Price

Sure, the Air Vapormax may cost quite the pretty penny (upwards of $190), but this is actually average for the state-of-the art running footwear that is currently on the market whether consumers like it or not. We wouldn’t necessarily recommend this shoe to the casual athlete or first-time buyer of Nike’s shoes, as there are much cheaper options available. However, this model is absolutely worth the price for customers who run daily and are much more serious athletes.

Flexibility

The designers of the Air Vapormax were focused in part on creating a really flexible shoe that mimics the feeling of air. Not only is it as flexible as a running shoe can be, but you can actually feel individualized pressure points and zones on your feet when walking or running in them. They claim that the combination of the bubbled bottom and flyknit upper makes the Vapormax Nike’s most flexible shoe ever.

Bottom Line

The Nike Air Vapormax Black White is the pinnacle of achievement in shoe design because of its blend of comfort, style, and durability. Though it is perhaps better suited for more serious or hardcore runners, we have no problem with recommending this to those who just want a brand new running shoe. The upper and outsole are well crafted using flyknit material and are a true pleasure to touch and wear. These kicks will last you a long time and are the closest to the feeling of running barefoot that there is. Breathability and solid arch support are two key aspects of these shoes and are beloved by runners everywhere.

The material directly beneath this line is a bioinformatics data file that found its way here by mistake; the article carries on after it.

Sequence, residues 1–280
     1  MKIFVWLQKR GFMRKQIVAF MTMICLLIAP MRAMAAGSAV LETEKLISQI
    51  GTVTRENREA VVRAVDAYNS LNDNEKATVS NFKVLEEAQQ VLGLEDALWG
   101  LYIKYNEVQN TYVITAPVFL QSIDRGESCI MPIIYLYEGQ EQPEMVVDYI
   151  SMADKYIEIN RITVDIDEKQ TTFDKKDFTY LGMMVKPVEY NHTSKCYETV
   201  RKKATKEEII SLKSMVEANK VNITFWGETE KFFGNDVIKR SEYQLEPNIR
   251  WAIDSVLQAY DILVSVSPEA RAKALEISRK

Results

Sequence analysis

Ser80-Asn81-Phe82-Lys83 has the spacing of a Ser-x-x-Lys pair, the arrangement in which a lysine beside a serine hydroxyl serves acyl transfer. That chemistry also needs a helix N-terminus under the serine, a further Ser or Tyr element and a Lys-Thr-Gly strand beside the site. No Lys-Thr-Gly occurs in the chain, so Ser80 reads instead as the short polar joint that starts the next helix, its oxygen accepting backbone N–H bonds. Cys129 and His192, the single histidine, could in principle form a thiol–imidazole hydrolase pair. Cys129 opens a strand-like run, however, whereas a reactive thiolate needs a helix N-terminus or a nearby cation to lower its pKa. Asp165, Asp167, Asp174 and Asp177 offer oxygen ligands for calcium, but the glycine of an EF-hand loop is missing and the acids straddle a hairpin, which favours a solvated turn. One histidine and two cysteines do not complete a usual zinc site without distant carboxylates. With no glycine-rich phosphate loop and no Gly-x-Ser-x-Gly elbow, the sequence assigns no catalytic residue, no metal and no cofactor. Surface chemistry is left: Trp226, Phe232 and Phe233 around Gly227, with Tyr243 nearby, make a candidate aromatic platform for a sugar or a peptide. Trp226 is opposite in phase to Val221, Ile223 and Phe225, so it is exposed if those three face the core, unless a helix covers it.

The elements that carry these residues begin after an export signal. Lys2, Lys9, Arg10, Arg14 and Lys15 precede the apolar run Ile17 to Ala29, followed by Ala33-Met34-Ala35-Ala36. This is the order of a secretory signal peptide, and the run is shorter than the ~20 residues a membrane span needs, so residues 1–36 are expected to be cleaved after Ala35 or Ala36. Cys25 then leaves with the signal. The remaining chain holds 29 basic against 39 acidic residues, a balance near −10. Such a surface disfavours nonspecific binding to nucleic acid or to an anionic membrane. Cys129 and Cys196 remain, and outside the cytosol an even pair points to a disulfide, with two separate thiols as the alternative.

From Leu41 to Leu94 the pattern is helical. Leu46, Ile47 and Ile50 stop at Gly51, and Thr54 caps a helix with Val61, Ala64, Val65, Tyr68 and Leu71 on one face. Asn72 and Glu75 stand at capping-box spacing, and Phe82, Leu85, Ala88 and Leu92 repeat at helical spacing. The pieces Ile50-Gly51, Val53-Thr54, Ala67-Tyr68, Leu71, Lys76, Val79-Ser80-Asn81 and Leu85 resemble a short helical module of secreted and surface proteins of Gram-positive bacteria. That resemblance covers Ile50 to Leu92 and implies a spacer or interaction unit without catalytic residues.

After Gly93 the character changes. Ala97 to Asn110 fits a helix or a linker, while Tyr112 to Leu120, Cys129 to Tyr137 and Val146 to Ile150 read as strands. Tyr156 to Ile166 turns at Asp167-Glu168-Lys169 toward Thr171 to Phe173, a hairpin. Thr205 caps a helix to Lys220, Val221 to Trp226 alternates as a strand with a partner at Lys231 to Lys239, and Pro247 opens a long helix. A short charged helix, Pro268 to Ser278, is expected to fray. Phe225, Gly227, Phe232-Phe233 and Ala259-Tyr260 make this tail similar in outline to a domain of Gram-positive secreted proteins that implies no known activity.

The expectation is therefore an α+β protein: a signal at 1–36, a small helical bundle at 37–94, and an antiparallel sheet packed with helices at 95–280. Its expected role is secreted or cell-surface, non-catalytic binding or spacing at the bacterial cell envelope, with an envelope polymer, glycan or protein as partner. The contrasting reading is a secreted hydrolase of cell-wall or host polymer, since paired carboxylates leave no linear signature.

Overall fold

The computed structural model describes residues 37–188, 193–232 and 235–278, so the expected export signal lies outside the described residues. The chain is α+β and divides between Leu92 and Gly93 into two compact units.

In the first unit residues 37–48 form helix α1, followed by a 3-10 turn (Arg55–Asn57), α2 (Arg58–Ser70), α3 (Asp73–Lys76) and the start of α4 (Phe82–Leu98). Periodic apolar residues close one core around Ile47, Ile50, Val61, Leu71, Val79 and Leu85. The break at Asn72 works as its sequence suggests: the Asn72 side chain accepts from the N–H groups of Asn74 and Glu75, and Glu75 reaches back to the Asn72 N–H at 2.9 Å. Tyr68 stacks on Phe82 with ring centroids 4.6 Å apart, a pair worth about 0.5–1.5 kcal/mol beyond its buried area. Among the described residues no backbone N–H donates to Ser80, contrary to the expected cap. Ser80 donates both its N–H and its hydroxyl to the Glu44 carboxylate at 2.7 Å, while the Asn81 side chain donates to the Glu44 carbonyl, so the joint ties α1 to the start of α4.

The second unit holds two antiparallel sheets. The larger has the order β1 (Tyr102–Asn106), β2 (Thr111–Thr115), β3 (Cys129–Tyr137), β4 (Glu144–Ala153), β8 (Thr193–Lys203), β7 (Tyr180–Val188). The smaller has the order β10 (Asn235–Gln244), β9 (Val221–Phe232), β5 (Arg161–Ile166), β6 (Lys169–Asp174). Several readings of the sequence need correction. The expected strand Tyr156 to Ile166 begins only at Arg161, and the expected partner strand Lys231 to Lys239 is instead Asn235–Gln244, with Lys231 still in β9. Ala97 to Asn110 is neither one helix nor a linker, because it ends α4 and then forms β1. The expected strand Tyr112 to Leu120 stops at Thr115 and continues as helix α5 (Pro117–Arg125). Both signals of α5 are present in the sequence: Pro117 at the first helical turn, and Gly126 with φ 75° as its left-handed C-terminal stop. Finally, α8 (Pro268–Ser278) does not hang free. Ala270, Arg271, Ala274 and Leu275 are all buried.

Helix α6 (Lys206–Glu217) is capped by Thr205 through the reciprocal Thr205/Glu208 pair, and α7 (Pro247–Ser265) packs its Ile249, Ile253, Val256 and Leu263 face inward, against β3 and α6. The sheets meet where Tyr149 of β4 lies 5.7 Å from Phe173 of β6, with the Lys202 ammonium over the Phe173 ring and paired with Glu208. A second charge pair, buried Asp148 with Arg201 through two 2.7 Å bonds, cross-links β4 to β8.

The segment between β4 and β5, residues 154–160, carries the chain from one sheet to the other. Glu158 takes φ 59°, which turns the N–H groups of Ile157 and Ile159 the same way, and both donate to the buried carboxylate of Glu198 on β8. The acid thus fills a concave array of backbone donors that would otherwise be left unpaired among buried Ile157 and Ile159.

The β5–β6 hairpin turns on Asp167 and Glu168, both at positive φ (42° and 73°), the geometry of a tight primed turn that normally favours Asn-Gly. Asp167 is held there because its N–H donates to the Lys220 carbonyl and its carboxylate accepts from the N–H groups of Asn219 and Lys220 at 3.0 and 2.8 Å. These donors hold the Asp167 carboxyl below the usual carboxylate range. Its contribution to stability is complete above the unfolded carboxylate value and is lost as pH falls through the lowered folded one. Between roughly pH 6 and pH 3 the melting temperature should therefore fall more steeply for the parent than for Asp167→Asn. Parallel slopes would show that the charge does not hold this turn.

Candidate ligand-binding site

Better Air Jordan 5: “Metallic” or “Raging Bull 3M”

The Air Jordan 5 is one of the most iconic Air Jordans to-date. Designed by Tinker Hatfield, whom found inspiration in the World War 2 Mustang fighter jet during its creation. It was the first Air Jordan shoe to feature a reflective 3M tongue.

One of the original and iconic colorways is the “Metallic” Air Jordan motif. The shoe came in a buttery Black nubuck upper with Metallic Silver accents, 3M tongues, and embroidered “23” on the sides.Equipped with Nike Air branding at the heel and premium updates that ensure an OG feel dating back to the shoe’s original release in 1990, today brings forth the best look yet at this revered Air Jordan 5 release.

Another popular release was the “3M” colorway from the Air Jordan 5 “Raging Bull” Pack that debuted back in 2009. The Air Jordan 5 Raging Bull Pack was well received when we first gave you the info on it. Then we dropped the word on the Red Suede Jordan 5 version, most doubters were convinced this pack is going to be special.

The second Air Jordan 5 Raging Bull consists of an all black 3M upper, which will no doubt break necks and have a lot of you lining up early to get your hands on these kicks. The all 3M combined with the red accents, and the icy sole of the AJ5, is definitely one of the freshest remakes of this classic sneaker.

Looking back at both classic Air Jordan 5s, which would you consider the better release? Cast your vote below, and leave your thoughts in the comments section.

UA HOVR Havoc Performance Review

Could the Under Armour HOVR Havoc be the most well-rounded basketball model out of Baltimore? Let’s find out.

“Sneakersheads” and hoopers alike have a million and one different reasons why they may dislike Under Armour. However, I tend to enjoy that the brand usually doesn’t stray away from what works in terms of traction.

We hear and read it all the time, “Why do companies tell stories on the bottom of a performance shoe when you can’t see whatever lame story they’re trying to tell” and it often times translates to hit or miss coverage on-court. Herringbone is the way to go and herringbone is what UA uses more often than not. Yes, the brand tried something new on the Curry 5 and it didn’t quite work. No worries, because it’s already back to basics and I love it.